I am amazed but not surprised that Gordon Bridger feels his views are given more importance by how he signs himself and that mentioning his title is not attempting to influence people that he must of course always be right.

  2. Susan Parker Reply

    April 16, 2014 at 1:01 pm

    My personal view is that effective working democracy depends on unrestricted and unfettered debate. Guildford Borough Council seems to have a tendency to restrict criticism, whether from aldermen, councillors or members of the public (GBC demanded that the Fairlands community group removed a poster asking the public to “Write to Fight” – hardly an aggressive message! – and have supposedly given advice to some councillors that they cannot comment on local planning issues if they own property in their own ward).

    Freedom of speech is one of the essential basic human rights in any democracy.

    I don’t agree with everything Mr Bridger says, but – in the classic phrase – defend to the death his right to say it.

  3. Gordon Bridger Reply

    April 17, 2014 at 9:46 am

    In answer to Chris Fox there is no formal role defined for aldermen and freemen – had there been a restrictive one I would not have accepted it. There has been a convention that in return for this award one should be grateful and not criticise the givers – a convention which has no place in a modern democracy.
    Chris Fox should have challenged the convention publicly and we would have been aware of his objection and supported him.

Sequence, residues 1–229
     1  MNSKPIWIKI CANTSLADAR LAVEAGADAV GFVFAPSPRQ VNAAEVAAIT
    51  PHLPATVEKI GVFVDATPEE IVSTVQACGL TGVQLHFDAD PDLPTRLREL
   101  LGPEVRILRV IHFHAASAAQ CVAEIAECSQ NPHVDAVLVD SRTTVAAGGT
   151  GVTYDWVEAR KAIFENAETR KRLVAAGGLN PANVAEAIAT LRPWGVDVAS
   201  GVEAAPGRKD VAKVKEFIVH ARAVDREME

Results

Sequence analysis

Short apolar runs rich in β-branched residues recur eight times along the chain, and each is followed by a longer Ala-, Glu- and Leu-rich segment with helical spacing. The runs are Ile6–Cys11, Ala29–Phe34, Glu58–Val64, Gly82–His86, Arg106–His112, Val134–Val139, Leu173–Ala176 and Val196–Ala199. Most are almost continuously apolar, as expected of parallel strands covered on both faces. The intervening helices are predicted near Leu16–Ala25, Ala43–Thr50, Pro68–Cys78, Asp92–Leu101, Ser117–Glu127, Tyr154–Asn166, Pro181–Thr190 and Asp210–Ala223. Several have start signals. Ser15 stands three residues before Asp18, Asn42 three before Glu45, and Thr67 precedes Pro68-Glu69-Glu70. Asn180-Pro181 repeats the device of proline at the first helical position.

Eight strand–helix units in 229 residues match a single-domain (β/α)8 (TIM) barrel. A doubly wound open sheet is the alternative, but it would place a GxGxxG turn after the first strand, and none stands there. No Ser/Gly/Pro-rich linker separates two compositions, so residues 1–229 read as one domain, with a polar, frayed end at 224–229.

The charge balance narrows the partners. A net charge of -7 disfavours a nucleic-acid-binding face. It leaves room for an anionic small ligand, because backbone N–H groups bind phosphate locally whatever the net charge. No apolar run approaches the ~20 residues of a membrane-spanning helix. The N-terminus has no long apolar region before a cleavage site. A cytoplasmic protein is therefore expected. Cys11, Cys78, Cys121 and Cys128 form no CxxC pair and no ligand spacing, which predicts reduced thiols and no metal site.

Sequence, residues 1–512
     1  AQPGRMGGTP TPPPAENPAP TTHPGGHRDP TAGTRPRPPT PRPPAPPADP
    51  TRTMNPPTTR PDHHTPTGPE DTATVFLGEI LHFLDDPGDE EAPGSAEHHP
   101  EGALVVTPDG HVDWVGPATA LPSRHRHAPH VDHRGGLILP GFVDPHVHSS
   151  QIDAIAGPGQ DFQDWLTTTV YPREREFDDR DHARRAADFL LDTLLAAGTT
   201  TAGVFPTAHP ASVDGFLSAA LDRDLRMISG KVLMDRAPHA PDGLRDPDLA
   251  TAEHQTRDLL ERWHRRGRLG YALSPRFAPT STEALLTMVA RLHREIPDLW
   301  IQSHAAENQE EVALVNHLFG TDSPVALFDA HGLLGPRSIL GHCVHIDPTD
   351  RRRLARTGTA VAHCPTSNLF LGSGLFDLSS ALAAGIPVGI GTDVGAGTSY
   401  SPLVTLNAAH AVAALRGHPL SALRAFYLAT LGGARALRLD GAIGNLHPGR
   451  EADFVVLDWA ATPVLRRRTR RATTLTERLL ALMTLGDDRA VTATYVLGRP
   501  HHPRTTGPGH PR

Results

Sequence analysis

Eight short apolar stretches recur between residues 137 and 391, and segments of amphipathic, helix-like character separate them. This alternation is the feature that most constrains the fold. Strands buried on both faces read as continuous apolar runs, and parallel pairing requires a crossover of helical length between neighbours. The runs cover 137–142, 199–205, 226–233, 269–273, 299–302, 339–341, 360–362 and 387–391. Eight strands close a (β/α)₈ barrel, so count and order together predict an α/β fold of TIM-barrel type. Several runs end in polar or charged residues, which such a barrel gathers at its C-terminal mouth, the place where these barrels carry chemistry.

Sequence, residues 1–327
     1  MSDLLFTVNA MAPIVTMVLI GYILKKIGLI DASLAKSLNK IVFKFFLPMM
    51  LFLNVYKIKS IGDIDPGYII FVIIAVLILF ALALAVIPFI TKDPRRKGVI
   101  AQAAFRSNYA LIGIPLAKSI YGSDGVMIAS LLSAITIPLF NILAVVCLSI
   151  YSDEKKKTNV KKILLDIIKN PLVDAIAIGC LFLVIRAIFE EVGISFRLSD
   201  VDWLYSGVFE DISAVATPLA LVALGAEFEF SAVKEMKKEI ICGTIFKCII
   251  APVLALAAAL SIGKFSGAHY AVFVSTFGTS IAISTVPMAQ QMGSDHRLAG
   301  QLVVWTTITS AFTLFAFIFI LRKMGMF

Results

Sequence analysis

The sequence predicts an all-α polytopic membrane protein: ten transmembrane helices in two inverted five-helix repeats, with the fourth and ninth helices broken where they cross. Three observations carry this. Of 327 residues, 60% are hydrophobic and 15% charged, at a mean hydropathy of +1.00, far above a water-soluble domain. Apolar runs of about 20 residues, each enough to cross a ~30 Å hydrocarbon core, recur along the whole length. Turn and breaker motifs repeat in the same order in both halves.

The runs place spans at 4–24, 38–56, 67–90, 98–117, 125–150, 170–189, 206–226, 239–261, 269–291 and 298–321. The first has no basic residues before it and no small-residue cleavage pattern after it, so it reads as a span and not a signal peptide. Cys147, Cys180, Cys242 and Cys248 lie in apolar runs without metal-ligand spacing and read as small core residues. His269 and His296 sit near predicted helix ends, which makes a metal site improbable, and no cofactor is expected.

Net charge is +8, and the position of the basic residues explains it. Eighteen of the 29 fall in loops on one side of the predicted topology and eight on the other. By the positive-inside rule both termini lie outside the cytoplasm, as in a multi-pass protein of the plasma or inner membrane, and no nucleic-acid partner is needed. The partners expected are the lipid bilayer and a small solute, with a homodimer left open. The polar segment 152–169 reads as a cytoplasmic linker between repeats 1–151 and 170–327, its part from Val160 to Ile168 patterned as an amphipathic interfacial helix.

Seven us, from all parties, broke from the convention two years ago to draw attention to the need for a review of the council management which had demoralised so many council staff. Were we wrong to do so?

  4. Bernard Parke Reply

    April 17, 2014 at 9:04 pm

    The comment made by the former councillor Chris Fox was dismissed by the legal department at GBC some months back when certain councillors objected to hon aldermen being critical of their actions.

    No doubt that this is why, in this clumsy fashion, they are trying to change the ground rules.

    The point raised by Susan Parker concerning councillors not being permitted to speak on issues for which they were elected by their residents is, if correct, truly undemocratic.

    If it is the case the question must be asked why were they elected in the first place?

  5. Tim Downing Reply

    April 21, 2014 at 5:03 pm

    A quite outrageous attempt by the council to stifle criticism by someone with considerable experience of council matters, hence the importance of his mentioning his honorary title.
    I am appalled that councillors are even considering resorting to such tactics, which can only reflect extremely badly on them.
    Potentially contentious measures planned by the council do warrant and benefit from debate, hence the importance of thoughts being offered through the Press by people with appropriate experience, whether these thought support or oppose the proposals.